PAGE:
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Review: 'The Machine' conjures a stylish sense of wonder, danger

EntertainmentMoviesReviewsBlade Runner (movie)A Clockwork Orange (movie)Toby StephensDenis Lawson
A stylish sci-fi entry from Britain, "The Machine" drapes sleek visuals over an artificial intelligence tale.

A resourcefully stylish indie sci-fi entry from Britain, "The Machine" drapes sleek visuals over an artificial intelligence tale set in a top-secret British government facility where robots are being developed to fight a cold war with China.

Empathic computer genius Vincent (Toby Stephens) has more on his mind, however, than creating a weapon-strength, self-aware being for his military boss (Denis Lawson). Vincent imagines a revolutionary future in which the brain-damaged (be they wounded soldiers or his medically afflicted daughter) are given their humanity again.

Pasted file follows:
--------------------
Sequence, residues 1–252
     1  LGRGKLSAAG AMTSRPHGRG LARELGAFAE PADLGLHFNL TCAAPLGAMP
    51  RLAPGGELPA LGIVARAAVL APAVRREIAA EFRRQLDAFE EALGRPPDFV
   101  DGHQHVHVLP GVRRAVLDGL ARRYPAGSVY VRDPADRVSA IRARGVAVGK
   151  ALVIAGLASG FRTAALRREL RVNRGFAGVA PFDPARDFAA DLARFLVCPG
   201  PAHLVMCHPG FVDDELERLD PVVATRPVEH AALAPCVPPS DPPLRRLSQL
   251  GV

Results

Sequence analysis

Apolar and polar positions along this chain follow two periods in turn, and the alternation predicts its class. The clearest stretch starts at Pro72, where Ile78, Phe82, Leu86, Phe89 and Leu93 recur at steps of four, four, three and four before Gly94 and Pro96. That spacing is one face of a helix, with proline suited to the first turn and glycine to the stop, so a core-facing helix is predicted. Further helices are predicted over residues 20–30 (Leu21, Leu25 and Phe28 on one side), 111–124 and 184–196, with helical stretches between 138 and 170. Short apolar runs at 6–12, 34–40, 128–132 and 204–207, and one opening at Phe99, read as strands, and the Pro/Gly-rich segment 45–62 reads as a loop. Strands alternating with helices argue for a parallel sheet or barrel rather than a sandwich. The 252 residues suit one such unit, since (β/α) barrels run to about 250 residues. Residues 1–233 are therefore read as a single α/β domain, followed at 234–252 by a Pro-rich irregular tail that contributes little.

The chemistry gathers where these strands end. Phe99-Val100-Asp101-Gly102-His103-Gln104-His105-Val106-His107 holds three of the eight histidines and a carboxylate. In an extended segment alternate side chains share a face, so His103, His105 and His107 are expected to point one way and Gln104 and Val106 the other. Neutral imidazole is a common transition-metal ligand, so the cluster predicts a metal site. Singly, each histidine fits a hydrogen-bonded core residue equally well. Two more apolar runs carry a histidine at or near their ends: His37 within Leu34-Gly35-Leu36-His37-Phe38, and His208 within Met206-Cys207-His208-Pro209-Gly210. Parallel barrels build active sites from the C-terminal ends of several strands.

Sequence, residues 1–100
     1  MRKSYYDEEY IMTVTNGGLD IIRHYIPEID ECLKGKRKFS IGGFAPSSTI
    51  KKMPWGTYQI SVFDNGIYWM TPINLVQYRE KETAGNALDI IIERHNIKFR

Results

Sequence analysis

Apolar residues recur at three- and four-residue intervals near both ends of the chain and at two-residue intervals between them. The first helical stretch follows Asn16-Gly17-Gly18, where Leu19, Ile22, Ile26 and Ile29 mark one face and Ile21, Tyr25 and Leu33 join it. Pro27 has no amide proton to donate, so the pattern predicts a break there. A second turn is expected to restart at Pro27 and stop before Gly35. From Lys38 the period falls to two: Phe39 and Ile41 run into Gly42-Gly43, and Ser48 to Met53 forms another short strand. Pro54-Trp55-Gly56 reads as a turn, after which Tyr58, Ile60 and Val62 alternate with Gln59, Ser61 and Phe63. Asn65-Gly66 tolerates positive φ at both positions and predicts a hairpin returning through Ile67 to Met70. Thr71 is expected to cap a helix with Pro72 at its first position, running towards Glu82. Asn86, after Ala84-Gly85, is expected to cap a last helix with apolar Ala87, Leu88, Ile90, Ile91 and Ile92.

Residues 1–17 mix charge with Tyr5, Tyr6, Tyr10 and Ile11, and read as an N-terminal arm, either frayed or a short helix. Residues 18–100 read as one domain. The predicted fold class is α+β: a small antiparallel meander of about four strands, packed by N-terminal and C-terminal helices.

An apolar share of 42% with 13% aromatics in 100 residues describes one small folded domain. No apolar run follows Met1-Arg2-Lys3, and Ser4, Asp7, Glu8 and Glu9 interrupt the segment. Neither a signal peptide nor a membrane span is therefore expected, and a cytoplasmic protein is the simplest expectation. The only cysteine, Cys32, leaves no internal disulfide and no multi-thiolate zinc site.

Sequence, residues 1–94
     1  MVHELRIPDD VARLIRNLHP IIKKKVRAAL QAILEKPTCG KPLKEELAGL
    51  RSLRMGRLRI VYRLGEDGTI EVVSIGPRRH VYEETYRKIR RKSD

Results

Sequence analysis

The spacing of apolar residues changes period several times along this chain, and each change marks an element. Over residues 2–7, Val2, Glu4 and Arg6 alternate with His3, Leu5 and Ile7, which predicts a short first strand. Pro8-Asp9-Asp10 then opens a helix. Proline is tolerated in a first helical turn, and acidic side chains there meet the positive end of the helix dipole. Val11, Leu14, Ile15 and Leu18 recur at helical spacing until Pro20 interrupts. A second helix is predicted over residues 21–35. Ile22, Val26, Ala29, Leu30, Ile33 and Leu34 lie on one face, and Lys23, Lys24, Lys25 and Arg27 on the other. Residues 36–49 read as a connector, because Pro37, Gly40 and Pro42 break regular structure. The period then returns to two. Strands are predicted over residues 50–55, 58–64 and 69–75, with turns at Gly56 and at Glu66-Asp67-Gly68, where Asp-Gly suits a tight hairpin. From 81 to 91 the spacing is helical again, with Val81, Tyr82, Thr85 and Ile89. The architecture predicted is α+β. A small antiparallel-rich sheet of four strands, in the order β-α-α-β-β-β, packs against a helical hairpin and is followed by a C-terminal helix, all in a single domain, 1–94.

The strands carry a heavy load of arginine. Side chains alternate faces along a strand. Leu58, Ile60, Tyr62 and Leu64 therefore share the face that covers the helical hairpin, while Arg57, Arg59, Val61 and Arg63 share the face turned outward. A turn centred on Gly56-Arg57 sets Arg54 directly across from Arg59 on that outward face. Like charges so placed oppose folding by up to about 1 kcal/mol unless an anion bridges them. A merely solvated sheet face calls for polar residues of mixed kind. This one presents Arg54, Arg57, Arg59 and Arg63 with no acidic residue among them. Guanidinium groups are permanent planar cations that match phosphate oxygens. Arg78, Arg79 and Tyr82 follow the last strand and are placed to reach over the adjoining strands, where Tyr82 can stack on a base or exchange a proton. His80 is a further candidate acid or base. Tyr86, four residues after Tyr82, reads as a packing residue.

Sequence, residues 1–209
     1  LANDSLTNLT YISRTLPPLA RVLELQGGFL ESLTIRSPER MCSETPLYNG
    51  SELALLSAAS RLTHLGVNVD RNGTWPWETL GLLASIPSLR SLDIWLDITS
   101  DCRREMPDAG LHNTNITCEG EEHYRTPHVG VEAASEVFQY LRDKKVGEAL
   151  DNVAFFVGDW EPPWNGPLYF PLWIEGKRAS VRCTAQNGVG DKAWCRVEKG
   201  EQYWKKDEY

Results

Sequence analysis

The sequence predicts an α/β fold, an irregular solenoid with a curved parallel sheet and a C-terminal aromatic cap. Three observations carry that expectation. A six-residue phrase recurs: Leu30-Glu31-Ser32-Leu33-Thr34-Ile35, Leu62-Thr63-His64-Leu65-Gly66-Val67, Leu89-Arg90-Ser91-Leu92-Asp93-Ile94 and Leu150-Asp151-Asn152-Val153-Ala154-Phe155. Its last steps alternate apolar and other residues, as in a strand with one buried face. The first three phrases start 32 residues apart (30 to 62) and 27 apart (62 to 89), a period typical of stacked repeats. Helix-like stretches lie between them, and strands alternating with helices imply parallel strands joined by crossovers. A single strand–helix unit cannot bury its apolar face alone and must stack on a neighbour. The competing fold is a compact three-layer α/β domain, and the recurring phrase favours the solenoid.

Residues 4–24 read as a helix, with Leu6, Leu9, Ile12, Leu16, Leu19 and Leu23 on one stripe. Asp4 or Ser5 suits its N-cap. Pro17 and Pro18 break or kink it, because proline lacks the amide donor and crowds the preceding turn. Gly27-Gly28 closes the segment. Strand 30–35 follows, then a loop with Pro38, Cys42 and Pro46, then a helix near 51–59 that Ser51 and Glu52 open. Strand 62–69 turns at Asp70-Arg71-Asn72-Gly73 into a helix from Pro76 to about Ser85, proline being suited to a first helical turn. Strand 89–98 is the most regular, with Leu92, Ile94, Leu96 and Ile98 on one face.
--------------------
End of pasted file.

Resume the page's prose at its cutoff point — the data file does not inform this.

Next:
That makes Vincent's breakthrough — the Machine (Caity Lotz), an aerodynamic hot bod of a robot who can flip, fight and care deeply — into a moral battleground of sorts. With her slick-backed hair, Lotz is a cyberblond right out of Hitchcock's dystopian fantasies.

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Writer-director Caradog W. James is so enamored by the coolly designed future aesthetics of movies like "A Clockwork Orange" and "Blade Runner" that his metaphoric dark-and-darker lighting can get the best of him. (Being able to see an actor's face has been known to be effective.) But even with a cut-and-dried approach to characterization and the issue of man-made consciousness, "The Machine" percolates with an elegantly palpable sense of wonder and danger.

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"The Machine"

MPAA rating: Rated R for violence and language

Running time: 1 hour, 31 minutes

Playing: At the Arena Cinema, Hollywood

Copyright © 2014, Los Angeles Times
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EntertainmentMoviesReviewsBlade Runner (movie)A Clockwork Orange (movie)Toby StephensDenis Lawson
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